In 1933 a Philippine senator protested the French annexation of the Spratlys. A parliamentary committee studied the issue but the U.S. government, which controlled the Philippines at that time, did not take an interest in the matter.

In 1946 Vice President Elpidio Quirino claimed the Spratlys on behalf of the Philippine government. A year later, the Philippine Secretary of Foreign Affairs declared that the "New Southern Islands" previously occupied by Japan during World War II were part of Philippine territory.

In 1955 the Philippine military reported that the Spratly island group was of "vital proximity" to the country. The following year, Filipino navigator and businessman Tomas Cloma issued a "proclamation to the whole world" claiming ownership and occupation of the Spratlys. Cloma sent six letters to the government about the need to settle the question of ownership of the islands.

The vice president of the Philippines replied in 1957, assuring Cloma that the government "does not regard with indifference the economic exploitation and settlement of these uninhabited and unoccupied islands by Philippine nationals."

According to Filipino law professor Haydee Yorac, the Cloma Proclamation was the first assertion of title to the Spratlys after Japan renounced its ownership of the islands in 1951 and 1952.

In 1978 President Ferdinand Marcos issued a proclamation declaring ownership of most of the islands in the Spratlys. The area was renamed the Kalayaan (Freedom) Island Group. The proclamation laid the following basis for the Philippine claim: "By virtue of their proximity and as part of the continental margin of the Philippine archipelago"; that "they do not legally belong to any state or nation, but by reason of history; indispensable need, and effective occupation and control established in accordance with international law"; and while other states have laid claims to some of these areas, their claims have lapsed by abandonment and cannot prevail over that of the Philippines on legal, historical, and equitable ground."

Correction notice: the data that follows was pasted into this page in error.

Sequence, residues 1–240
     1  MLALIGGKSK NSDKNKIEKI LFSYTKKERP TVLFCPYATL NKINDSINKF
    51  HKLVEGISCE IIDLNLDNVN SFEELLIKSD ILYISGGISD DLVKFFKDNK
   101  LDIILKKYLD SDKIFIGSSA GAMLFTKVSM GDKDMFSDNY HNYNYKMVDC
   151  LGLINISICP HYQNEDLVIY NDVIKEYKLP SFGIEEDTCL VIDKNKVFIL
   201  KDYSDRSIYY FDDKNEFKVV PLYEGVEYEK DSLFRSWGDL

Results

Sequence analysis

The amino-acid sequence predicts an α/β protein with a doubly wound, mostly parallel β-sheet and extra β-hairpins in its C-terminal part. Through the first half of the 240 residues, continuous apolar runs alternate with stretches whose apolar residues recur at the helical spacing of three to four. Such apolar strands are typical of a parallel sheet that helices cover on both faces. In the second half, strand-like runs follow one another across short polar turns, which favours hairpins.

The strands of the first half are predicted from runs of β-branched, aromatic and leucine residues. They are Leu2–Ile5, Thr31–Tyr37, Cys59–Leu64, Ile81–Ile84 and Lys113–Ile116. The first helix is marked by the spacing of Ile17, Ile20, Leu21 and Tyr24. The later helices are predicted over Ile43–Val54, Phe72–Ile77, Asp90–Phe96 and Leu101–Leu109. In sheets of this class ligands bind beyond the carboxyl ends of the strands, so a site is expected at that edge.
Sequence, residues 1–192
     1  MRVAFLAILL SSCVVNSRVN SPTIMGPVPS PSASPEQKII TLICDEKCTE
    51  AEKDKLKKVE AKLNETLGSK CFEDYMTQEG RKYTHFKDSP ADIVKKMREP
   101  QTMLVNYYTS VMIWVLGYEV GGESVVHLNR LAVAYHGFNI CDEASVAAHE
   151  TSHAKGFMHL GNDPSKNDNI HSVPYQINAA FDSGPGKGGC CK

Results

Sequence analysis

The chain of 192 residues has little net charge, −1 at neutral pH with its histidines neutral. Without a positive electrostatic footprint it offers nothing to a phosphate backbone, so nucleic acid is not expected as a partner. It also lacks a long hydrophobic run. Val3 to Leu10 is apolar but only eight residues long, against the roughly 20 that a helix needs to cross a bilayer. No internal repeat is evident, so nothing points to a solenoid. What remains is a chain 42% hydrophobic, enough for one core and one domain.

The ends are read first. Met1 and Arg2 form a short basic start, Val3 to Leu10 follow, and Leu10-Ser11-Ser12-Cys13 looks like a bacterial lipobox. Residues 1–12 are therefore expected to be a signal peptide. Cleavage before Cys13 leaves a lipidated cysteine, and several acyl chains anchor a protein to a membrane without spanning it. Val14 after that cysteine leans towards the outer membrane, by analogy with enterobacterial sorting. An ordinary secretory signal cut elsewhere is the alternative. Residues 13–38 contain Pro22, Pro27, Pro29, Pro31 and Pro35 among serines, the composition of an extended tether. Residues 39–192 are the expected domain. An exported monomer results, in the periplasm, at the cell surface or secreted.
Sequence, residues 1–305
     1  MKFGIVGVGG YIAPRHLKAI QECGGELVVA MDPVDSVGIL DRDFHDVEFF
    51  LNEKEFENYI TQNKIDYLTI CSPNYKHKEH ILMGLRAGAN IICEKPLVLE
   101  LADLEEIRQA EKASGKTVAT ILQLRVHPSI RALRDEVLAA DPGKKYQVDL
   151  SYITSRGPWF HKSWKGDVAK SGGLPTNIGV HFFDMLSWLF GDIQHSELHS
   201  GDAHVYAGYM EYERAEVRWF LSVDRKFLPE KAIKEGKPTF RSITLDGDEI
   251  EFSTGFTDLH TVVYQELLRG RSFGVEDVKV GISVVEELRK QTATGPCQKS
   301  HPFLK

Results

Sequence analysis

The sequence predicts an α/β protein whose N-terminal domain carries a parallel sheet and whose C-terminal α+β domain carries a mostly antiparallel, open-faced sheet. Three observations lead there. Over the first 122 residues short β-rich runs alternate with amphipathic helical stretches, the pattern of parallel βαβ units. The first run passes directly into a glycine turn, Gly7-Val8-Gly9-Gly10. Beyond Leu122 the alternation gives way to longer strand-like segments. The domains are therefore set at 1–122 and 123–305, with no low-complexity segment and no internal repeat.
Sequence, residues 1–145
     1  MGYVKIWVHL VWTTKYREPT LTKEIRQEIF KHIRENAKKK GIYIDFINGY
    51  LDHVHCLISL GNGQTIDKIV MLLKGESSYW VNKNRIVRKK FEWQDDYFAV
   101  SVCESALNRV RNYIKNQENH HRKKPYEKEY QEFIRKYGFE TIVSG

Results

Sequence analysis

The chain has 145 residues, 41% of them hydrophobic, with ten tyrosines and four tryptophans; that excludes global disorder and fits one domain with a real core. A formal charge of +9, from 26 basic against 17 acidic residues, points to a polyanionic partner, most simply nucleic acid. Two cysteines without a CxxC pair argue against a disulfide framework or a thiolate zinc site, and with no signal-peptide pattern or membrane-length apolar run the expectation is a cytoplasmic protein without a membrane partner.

In 1995 President Fidel Ramos articulated the Philippine position regarding the Spratlys issue. He said "I would like to clarify that the Philippines does not only claim eight islands in the south China Sea but owns all islands and waters in the Spratlys as defined in the presidential decree issued by former President Marcos."

Militarization of the Spratlys started in the 1970s. The Philippines sent a military contingent to occupy some of the islands in 1971. After four years, the Philippines had already established a military presence in six islands. Today, the Philippines occupies eight islands in the area.

7 Responses so far

  1. Mac-mac says:

    Long live! the Spratlys Philippines

  2. cik kitty says:

    nice info i can get in here.i'm a law student.i'm study law of the sea so what was in here really help me in discussing about the archipelagic states. rally appreciate it.thanx a lot author :)

  3. Anonymous says:

    Thanks to the author? Thanks to Denis Somoso the master Historian who shared this. I found this site also so informative and makabayan..

    ngunit totoo at may mga bases ang ang mga articles

  4. Anonymous says:

    The Spratlys is belonged to the Philippines... o_o

  5. Anonymous says:

    Don't forget it was Senator Arturo M. Tolentino who authored UNCLOS and fought for it to become a law last December 10, 1982 with 162 nations participating. He is remembered as the "Father of the Law of the Sea".
    Dr NT (noeltole@yahoo.com)

  6. Thank You so much for the info. it really helped. :)